You read it and you end up smiling, smiling because our faults are often some of our greatest assets, because ultimately, we have something that fascism cannot have, that we are surrounded by more help than we imagine, and that all of us have abilities we cannot imagine, if we lead with what matters most.
I think I want to read this again and again. I can't wait until my son is old enough for me to read it to him.
Its, seems like everyone has read this when they were in school. Some how I never did. I decided to read it has an adult because everyone has read it and the movie is coming out. I did not enjoy it. It was boring and the characters were not well developed. When it was published I am sure it was a good book, but now there are many fantasy books with a women protagonists that are better.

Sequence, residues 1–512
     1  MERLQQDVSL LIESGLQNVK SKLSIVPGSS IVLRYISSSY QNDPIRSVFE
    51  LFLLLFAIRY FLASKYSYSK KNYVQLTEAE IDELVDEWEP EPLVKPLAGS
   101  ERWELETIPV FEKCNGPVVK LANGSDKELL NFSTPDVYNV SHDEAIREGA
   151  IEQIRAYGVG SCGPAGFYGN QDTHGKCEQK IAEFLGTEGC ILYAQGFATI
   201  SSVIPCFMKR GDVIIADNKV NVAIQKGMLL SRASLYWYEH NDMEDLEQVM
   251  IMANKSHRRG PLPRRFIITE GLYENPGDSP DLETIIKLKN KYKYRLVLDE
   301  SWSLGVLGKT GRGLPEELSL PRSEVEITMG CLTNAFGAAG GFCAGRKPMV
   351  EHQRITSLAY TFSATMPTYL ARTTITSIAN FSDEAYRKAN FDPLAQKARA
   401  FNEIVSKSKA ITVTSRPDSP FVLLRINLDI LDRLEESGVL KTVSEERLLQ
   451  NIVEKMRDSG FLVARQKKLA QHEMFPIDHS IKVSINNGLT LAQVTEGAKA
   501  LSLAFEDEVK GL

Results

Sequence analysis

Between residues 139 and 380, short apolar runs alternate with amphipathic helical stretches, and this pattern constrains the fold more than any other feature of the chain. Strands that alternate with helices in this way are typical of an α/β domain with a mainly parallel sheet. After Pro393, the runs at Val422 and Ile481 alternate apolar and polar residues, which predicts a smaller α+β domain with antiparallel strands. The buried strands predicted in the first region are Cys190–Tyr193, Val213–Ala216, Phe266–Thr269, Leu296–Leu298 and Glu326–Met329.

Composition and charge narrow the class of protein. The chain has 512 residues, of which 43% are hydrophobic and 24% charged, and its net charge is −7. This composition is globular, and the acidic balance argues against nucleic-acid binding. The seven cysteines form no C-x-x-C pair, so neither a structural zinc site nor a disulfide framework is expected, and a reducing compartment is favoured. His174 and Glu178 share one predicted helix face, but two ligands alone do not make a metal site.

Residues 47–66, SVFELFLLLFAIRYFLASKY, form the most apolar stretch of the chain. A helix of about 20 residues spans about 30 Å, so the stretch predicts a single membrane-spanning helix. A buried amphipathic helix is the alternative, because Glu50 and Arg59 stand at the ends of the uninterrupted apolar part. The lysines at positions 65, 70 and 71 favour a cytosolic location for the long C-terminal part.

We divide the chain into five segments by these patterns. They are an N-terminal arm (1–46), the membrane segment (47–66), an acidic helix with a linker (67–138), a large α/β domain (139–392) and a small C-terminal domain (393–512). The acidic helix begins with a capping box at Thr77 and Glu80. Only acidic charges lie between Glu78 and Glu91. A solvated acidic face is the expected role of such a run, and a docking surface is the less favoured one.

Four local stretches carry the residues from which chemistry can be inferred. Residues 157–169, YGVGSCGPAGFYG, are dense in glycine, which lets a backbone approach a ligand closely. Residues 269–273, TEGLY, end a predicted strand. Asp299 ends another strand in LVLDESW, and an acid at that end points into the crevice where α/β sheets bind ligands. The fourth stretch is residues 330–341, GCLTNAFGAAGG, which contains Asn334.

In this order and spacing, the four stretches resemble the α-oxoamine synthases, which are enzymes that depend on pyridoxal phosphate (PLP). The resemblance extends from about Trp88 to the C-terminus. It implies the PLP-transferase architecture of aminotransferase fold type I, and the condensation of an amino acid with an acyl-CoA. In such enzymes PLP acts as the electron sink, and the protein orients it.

Meg Murry's father has been missing for years and, although she and her family are confident he'll return to them -- the nature of his work is merely secret and mysterious -- it isn't easy when the townspeople are whispering and speculating about her family behind their backs. After a peculiar meeting with Mrs. Whatsit, a decidedly odd woman, suddenly Meg, her little brother Charles Wallace and their friend Calvin are whisked into a remarkable adventure across space and time in an effort to rescue her father.
Has 'A Wrinkle in Time' aged well? I'm not sure. At the time it was published it was undoubtedly considered groundbreaking: science fiction authored by a woman, with a female protagonist, winning the 1963 Newbery Medal, and remaining on countless schools' required reading lists in the decades since. I somehow missed it in my youth; reading it for the first time as an adult, without considering it contextually in its time, I just wasn't dazzled.